National Lipid Association
National Lipid Association
May 01, 2018
4 min read
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Inclisiran reduces LDL in variety of populations

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LAS VEGAS — Inclisiran, an RNA interference therapeutic targeting PCSK9, safely reduced LDL in various patient populations and subgroups, according to a late-breaking clinical trial presented at the National Lipid Association Scientific Sessions.

David Kallend, MBBS, chief medical officer of The Medicines Company, discussed analyses of the ORION trials.

As Cardiology Today previously reported, the phase 2 ORION-1 trial found that inclisiran (The Medicines Company) was associated with reduced LDL and PCSK9 and that the greatest LDL reductions were observed in patients assigned two 300-mg doses of inclisiran, with 48% having LDL levels reduced to less than 50 mg/dL.

Inclisiran doses greater than 300 mg had the same efficacy and duration of effect compared with the 300-mg dose, according to the presentation.

“There were some considerations previously that higher doses may sit in the liver and produce prolonged duration of effect,” Kallend said. “That isn’t the case. Any dose above 300 mg is cleared in the same way and has no greater efficacy.”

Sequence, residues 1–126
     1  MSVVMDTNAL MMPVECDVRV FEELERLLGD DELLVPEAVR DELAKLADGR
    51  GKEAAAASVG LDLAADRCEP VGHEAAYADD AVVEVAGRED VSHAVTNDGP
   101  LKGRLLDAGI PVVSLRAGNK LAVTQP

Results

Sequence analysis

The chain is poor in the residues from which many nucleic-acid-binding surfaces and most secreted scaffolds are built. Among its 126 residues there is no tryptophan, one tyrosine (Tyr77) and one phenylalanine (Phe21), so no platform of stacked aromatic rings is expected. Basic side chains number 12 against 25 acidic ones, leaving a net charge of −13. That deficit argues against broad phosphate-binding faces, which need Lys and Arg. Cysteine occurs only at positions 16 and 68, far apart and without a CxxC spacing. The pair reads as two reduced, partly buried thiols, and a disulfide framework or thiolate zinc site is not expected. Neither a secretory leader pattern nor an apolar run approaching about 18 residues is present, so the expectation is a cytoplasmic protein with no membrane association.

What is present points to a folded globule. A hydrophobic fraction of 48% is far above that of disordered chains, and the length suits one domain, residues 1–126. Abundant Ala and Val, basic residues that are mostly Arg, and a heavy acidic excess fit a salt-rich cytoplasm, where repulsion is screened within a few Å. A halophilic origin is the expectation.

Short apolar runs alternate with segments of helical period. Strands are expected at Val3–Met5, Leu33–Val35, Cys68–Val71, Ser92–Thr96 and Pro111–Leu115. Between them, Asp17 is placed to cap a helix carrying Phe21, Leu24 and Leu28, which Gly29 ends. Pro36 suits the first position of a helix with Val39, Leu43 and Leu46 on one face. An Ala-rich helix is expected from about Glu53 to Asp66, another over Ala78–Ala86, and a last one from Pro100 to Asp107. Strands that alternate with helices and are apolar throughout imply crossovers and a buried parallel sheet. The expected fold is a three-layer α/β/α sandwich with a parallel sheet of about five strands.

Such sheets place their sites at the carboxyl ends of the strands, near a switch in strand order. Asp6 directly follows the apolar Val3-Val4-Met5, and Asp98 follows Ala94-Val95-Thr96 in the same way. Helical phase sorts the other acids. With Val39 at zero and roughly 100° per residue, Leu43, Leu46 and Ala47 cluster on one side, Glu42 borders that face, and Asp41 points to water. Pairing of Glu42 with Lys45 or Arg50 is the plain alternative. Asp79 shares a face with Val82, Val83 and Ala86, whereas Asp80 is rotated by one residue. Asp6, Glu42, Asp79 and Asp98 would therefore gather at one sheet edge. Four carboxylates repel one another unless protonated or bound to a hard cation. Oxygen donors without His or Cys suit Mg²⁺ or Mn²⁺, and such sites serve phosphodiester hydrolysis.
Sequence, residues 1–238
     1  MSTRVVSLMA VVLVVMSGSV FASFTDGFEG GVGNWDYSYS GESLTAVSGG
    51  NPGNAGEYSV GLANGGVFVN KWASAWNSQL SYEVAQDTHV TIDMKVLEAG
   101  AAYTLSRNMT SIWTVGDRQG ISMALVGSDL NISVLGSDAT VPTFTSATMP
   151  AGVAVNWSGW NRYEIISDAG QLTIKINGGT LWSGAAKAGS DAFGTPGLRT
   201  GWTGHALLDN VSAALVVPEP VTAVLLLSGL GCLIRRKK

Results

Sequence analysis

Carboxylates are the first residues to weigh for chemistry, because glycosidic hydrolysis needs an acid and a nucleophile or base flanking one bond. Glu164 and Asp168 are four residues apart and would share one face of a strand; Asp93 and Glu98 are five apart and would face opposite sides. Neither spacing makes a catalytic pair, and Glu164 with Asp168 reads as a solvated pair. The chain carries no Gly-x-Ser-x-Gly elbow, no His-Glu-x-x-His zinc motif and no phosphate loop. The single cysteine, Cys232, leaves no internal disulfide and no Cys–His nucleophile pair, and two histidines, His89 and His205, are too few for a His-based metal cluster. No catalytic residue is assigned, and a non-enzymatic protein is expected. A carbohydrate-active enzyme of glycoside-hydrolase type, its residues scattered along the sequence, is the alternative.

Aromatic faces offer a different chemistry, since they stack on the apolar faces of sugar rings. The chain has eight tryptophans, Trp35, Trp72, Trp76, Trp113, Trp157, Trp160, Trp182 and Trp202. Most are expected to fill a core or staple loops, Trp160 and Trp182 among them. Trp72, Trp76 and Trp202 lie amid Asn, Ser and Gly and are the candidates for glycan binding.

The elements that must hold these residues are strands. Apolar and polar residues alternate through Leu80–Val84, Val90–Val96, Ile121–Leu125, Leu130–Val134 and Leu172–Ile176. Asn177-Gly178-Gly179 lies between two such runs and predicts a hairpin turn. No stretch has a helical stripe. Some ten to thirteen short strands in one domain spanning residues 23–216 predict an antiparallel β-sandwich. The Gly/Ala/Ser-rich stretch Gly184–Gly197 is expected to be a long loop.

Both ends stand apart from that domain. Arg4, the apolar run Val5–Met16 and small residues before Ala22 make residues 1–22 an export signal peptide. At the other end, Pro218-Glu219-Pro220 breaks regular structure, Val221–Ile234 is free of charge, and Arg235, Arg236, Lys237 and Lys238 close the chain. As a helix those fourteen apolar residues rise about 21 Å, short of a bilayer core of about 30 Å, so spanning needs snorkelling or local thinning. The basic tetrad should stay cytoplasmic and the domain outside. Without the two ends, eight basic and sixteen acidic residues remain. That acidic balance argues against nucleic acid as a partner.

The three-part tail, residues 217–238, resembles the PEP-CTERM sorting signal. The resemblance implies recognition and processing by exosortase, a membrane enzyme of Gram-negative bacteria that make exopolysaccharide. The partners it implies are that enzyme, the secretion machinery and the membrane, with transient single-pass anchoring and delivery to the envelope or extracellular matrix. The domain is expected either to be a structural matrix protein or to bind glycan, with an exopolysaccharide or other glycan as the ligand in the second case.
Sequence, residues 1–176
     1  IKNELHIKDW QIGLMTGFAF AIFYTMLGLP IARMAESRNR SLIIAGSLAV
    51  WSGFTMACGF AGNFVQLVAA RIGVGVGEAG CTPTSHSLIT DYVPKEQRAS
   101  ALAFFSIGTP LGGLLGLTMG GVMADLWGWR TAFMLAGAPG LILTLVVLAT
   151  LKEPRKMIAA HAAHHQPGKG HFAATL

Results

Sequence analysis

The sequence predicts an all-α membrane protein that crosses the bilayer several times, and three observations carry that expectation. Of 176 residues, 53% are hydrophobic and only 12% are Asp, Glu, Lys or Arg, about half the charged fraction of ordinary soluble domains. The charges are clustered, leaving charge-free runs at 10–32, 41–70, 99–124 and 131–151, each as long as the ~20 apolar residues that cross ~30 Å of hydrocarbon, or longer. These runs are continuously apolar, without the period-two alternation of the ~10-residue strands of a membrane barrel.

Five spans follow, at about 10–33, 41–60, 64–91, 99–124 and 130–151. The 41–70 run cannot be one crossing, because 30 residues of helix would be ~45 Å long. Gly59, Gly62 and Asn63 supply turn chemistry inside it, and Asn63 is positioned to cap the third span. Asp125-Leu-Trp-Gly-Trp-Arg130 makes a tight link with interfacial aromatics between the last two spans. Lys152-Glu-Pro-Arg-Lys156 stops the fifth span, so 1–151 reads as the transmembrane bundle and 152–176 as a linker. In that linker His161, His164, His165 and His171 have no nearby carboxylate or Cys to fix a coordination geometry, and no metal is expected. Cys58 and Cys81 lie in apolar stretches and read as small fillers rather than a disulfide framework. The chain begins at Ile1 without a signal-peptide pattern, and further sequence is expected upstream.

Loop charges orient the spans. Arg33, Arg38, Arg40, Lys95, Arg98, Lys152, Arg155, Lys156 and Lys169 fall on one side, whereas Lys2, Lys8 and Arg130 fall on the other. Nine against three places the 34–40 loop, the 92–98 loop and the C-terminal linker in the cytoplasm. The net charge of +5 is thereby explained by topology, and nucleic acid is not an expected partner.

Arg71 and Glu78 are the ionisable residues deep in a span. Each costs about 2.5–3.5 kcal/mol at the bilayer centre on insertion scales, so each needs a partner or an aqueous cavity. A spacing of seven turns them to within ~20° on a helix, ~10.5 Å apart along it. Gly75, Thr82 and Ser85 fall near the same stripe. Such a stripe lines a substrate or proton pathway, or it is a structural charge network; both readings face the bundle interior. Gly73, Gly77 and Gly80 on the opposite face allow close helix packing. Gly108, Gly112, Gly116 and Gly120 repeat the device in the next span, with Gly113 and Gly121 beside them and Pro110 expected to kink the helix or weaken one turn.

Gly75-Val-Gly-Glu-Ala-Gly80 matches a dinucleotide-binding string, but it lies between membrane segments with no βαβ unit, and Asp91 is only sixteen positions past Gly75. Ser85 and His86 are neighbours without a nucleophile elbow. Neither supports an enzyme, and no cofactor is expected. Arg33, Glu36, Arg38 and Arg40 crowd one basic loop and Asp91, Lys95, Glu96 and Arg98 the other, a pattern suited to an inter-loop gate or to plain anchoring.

During the trials, researchers expect to see an average LDL reduction of 51% between the second injection in the ORION-1 trial and subsequent injections in the current program, according to the presentation. Injections of inclisiran 300 mg will be administered at 90, 270 and 450 days.

“It’s interesting that you need that second dose at day 90 to boost the starting efficacy of around 50% to around 55%, but however you give this drug, the return to baseline was consistently around 3% per month,” Kallend said.

It would take an estimated 18 months to wash out the effect of inclisiran on patients who had a peak reduction of around 55% at 150 days, according to the presentation.

At 180 days, an LDL reduction of at least 50% was achieved in various subgroups such as patients with diabetes, statin or nonstatin use, those older and younger than 65 years, men and women, and normal, mild or moderate renal function. There was also no difference in safety in any of the subgroups, including platelet counts, liver function and adverse events.

ORION-2 is a pilot study on patients with homozygous familial hypercholesterolemia to assess whether the dose or frequency of inclisiran would need to be adjusted. Five or six patients are currently enrolled in the study, and researchers are aiming for six to eight patients total before moving to phase 3, according to the presentation. Patients were given 300 mg inclisiran at day 1 and day 90.

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One patient who did not respond to monoclonal antibodies did not have a reduction in LDL or lipoprotein(a) despite durable and consistent PCSK9 reduction of greater than 60%, Kallend said, noting another patient had a 32.8% reduction in LDL at day 120 and 19.6% at day 300.

“What we see here, as we see in the patients without [familial hypercholesterolemia], is a similar — around 3% per month return back to baseline, so a prolonged and durable effect on LDL cholesterol and on PCSK9,” Kallend said.